April is National Heartworm Awareness Month. If you have a dog, you’ve likely heard of heartworm disease before. Your veterinarian may have even shown you a plastic model of a dog heart filled with these spaghetti-like white worms at your last veterinary visit. Veterinarians are always recommending heartworm preventative in dogs. (My dog is on preventative medication year-round in Minnesota!) Why? Because heartworm disease is potentially fatal in pets. What most pet parents don’t realize is that heartworm disease arises in more than just dogs. Today we’ll cover what you need to know about heartworm in cats.
So, what exactly is heartworm disease?
Heartworm disease is caused by a foot-long Dirofilaria immitis worm that lives in the blood vessels, lungs, and heart of certain animals. Dogs are actually one of many species that act as natural hosts for this worm; in other words, it means that the heartworms can live in your dog, grow into big adult worms, mate with other worms, and produce more offspring—all while circulating in your dog’s blood. Then, when a mosquito bites a heartworm-positive dog, the mosquito can transmit it to the next susceptible dog!
Unfortunately, these baby larvae (microfilaria) and adult worms can result in severe damage to your dog. I’ve seen dogs with dozens to hundreds of heartworms clogged in their lungs and heart. In dogs, heartworm disease can cause severe heart failure, including fluid accumulation in the abdomen, difficulty breathing, chronic lung disease, pulmonary embolism (clots to the lungs), and organ damage long-term. Treatment is available, but is very expensive (> $1,000) and risky. That’s why long-term preventative medication (a once-a-month flavored pill or 6-month long-acting injection) is the safest, least expensive thing for your dog.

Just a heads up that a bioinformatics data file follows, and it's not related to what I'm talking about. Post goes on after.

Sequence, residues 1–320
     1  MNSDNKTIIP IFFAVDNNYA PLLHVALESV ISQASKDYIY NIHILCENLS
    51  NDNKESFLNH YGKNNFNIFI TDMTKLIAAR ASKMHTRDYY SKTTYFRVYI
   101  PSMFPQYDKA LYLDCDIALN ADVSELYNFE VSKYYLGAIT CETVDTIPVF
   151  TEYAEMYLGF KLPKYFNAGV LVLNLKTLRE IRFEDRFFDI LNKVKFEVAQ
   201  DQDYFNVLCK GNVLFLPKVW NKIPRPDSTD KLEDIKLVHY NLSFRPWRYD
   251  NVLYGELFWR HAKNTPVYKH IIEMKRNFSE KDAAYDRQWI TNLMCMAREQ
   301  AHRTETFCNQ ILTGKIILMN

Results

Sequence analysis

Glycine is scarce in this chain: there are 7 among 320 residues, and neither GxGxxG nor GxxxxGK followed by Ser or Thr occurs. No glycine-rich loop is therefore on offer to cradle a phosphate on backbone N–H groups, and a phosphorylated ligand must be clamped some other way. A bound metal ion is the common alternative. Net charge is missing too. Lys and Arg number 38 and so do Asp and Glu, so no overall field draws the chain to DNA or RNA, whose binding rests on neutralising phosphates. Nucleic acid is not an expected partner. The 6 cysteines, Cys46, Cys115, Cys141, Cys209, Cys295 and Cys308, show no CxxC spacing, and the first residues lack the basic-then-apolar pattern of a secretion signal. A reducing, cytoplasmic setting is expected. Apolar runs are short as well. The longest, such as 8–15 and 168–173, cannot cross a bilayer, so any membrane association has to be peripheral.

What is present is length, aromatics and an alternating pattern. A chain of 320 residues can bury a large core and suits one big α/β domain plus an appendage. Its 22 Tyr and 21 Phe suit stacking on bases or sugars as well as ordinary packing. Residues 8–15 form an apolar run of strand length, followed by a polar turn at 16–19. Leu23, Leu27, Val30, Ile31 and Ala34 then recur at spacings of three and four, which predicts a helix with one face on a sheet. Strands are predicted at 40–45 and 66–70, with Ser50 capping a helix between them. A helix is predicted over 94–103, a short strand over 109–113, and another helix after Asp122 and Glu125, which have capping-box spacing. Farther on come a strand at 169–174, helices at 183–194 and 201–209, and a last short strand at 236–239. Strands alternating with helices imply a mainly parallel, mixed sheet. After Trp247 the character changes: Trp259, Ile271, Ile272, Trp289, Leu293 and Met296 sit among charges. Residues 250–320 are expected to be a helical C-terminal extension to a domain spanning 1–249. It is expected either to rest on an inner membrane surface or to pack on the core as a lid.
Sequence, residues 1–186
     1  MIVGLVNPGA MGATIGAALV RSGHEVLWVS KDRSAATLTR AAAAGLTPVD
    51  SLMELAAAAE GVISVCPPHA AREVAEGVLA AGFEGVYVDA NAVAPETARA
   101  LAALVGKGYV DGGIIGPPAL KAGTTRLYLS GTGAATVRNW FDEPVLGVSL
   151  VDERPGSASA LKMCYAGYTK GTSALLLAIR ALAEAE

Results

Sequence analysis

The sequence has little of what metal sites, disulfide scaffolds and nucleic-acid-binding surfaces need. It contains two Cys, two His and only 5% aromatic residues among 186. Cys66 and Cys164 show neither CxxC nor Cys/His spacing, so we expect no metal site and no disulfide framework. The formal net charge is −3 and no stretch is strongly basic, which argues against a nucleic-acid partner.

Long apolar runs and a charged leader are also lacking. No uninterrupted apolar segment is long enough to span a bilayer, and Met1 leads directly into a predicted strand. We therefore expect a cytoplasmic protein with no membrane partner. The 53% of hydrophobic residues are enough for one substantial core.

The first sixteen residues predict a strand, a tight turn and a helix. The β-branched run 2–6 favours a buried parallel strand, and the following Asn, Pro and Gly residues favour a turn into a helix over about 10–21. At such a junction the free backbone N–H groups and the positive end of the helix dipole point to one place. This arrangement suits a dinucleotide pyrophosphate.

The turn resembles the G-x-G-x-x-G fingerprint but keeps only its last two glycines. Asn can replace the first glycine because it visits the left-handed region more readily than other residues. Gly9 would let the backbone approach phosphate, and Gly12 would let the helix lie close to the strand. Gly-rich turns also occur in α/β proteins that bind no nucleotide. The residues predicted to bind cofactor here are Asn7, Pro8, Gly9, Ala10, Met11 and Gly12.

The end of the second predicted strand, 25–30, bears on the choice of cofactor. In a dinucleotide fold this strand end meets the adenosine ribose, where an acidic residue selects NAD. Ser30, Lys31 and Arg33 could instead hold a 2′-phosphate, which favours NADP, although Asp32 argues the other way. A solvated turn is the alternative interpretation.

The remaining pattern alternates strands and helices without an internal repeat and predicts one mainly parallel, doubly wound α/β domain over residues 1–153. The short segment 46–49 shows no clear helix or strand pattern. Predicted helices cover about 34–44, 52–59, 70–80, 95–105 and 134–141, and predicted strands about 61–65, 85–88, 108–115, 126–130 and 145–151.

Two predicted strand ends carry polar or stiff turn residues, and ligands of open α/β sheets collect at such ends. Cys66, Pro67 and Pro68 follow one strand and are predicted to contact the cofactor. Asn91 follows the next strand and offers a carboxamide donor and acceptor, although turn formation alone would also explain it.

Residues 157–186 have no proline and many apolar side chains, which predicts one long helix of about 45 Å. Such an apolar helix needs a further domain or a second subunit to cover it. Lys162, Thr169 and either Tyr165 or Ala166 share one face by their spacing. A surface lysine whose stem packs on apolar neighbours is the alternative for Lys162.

Not only does heartworm affect dogs, but it also affects:
- Sea lions
- Humans (rarely)
But do cats get heartworm?
While heartworm in cats is less common, cats can get heartworm disease—and there’s no good treatment (unlike dogs).
The difference in heartworm in cats—as compared to dogs—is that cats aren’t good hosts for this disease. In other words, the adult heartworms often die in the cat before they can spread to another animal (as compared to dogs, wolves, and coyotes that act as hosts to other animals!). That said, in cats, the worms can cause severe damage before they die–including a disease called “heartworm-associated respiratory disease.” Just 1-2 heartworms can be fatal to a cat.
And when it comes to treating heartworm in cats? Well, there is no treatment for cats—the medication (melarsomine, known by the more common trade names “Immiticide” or “Diroban”) for treating dogs can’t be used in cats… meaning the only way to protect your cat is with prevention (also a once-a-month, flavored pill that your cat will view as a treat!).
What are signs of heartworm disease in cats?
Clinical signs of heartworm in cats include:
- Coughing (similar to feline asthma)
- Periodic vomiting
- Not eating
- Drooling or acting nauseated
- Weight loss
- Ascites (fluid in the abdomen)
- Acute death
Which cats are at risk?
Unfortunately, outdoor cats are more at risk, as they are more exposed to mosquitoes. Also, cats living in the south, southeast, midwest, and northeast United States. That said, heartworm disease has been reported in all 50 states—so it’s out there!
How do I keep my cat safe?
The best way to keep your cat safe is by keeping them indoors and using heartworm preventative for cats. However, please know that mosquitos are adept at coming inside, and I’ve even found them in my house in the middle of Minnesotan winters! Heartworm medications like Advantage Multi, Heartgard, and Revolution (listed in alphabetical order) can be safely used year-round in cats to help protect your cat.